1. geoaussie

    geoaussie Junior Member

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    We have eight Rhode Island Red chooks, free range, probably a few years old with rooster. Because of faxes they are fenced in but would have a quarter acre dedicated run, well vegetated. Lately the eggs seem to have deteriorated in quality. Paler colour and the yolks are sticking to the shell making them hard to get out intact. Any ideas what would be causing this.
     
  2. Nigel Richards

    Nigel Richards Junior Member

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    It sounds like they have a healthy enough environment.

    You mention their ages to be a "few years old"; this could be a clue as egg quality can begin to diminish after about four years in my experience. The only other element could be some form of virus or illness - but if they're in obvious vitality then I'd be inclined to go back to the age question.

    Good luck.
     
  3. eco4560

    eco4560 New Member

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    I'm still giggling at the mental image of feral faxes threatening your chooks. Could be a new movie - "When office equipment runs wild..."
     
  4. purplepear

    purplepear Junior Member

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    You do not get the same problems with emails.
     
  5. Curramore1

    Curramore1 Junior Member

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    Egg Quality issue.

    Damn that aging! Could also be any or a combination of recent moult, parasites external and internal, too much wet weather, protein and specific essential amino acid dietary deficiencies, lack of grit to grind food, too high egg temperature and humidity storage, energy shortage with too low a dry matter intake because of high moisture grasses etc. Bacterial contamination on egg surfaces causing bacterial deterioration of the egg contents, particularly if the eggs are scrubbed clean after being dirty.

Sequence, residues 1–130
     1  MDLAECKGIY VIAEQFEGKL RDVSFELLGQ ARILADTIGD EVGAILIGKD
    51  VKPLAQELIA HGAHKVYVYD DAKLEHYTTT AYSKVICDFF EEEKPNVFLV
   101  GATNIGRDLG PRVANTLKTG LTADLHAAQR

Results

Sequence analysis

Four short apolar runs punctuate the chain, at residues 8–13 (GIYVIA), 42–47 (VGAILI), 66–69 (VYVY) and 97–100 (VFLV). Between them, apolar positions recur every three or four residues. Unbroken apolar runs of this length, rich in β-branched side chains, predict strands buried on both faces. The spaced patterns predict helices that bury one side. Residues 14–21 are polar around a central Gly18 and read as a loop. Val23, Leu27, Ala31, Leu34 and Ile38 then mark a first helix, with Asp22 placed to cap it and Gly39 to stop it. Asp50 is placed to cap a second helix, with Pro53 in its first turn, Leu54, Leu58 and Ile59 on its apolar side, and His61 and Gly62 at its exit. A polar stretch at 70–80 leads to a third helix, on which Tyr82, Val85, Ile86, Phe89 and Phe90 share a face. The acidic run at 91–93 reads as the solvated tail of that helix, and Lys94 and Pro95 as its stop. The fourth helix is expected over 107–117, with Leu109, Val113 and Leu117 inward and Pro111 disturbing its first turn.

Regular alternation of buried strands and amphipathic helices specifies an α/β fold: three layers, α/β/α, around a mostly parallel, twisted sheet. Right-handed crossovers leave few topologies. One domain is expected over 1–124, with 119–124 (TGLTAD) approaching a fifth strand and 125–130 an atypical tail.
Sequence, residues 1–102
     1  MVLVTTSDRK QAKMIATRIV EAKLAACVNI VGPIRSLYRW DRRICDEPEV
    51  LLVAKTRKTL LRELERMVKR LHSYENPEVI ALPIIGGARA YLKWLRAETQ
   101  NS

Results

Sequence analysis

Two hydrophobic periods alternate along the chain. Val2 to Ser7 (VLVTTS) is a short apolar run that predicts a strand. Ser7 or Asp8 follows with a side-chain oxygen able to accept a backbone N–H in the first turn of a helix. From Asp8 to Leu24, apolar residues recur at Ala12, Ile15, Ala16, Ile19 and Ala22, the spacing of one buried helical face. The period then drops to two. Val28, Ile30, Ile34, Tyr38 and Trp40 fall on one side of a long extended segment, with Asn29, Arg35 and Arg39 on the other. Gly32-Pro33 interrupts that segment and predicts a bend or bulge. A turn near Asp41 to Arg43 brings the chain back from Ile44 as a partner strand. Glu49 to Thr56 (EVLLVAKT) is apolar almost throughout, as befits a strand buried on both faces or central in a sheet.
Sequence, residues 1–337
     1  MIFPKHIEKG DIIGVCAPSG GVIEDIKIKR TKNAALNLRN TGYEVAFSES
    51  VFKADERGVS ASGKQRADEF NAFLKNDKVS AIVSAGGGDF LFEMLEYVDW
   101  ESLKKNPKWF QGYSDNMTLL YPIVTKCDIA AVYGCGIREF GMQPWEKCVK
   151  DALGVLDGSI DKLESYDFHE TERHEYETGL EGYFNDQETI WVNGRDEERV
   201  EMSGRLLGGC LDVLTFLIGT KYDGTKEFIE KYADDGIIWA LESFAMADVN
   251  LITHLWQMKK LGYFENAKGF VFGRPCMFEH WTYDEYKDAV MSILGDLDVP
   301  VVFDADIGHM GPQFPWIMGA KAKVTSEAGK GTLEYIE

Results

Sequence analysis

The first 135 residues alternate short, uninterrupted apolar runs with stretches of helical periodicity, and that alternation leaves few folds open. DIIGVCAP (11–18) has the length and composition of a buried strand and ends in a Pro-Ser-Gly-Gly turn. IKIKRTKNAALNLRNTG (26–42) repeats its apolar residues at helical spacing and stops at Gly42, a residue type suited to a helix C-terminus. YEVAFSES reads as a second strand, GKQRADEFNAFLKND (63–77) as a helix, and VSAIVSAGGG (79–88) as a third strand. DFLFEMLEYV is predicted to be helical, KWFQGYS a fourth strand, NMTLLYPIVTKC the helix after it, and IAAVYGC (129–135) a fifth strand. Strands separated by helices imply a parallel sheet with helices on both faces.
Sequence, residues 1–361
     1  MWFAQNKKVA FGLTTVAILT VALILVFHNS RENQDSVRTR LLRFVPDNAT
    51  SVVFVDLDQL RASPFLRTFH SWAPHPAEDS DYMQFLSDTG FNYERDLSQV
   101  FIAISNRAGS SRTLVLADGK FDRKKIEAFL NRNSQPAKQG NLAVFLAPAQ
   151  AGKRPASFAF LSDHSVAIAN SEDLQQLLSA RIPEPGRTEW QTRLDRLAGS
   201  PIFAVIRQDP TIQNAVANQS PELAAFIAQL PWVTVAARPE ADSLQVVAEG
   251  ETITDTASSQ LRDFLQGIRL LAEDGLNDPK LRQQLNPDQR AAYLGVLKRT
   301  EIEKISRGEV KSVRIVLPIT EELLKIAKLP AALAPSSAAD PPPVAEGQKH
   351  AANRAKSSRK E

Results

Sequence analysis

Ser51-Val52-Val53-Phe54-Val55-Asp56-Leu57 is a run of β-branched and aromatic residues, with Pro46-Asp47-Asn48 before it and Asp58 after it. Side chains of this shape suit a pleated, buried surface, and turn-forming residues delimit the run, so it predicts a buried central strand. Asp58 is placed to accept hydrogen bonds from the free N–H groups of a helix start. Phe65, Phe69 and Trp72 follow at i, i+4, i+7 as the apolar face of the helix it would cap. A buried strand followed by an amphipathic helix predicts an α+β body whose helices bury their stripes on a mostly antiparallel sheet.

My Gran would have said get new ones and feed them some boiled or soaked grains, pulses like lupins or peas and these days forbidden, cooked meat scraps and some fresh cows milk. Corn and other high carotene grains and roots will bring back the yellow yolks. I wonder if chooks eat turmeric? At least you can find where your chooks lay and that they don't eat their own eggs! I hate finding yellow yolk remains from a busted egg on the ones they leave me. Leaves me with dark and potentially murderous thoughts for the culprit/s. The rooster could be "daffing" them too much as well if there are only one or two for the randy fella to annoy. And the list goes on...... The trouble with commercial rations are that they are balanced if the chooks get no other outside feed, but can become unbalanced when we let them free range or add to that planned diet.
     
  6. Nigel Richards

    Nigel Richards Junior Member

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    Interesting points on the pulses and 'egg-eating habits', Curramore1.

    Why are the pulses 'forbidden'?
    Down here in Greece, they're still fed, as is the milk and meat scrap you mention.

    I had a nasty bout of egg-eating recently; was VERY tempted at a spout of ring-necking, initially.
    Then I got scratching m'old head a bit - decided to completely revise nests.
    So I knocked together a row of really dark, privy nesting boxes, piled them chocka-block with straw, and presto; no more egg-eating...

    except by me!
     
  7. pebble

    pebble Junior Member

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    You must have a better class of emails then the rest of us PP ;-)
     
  8. Curramore1

    Curramore1 Junior Member

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    Pulses are good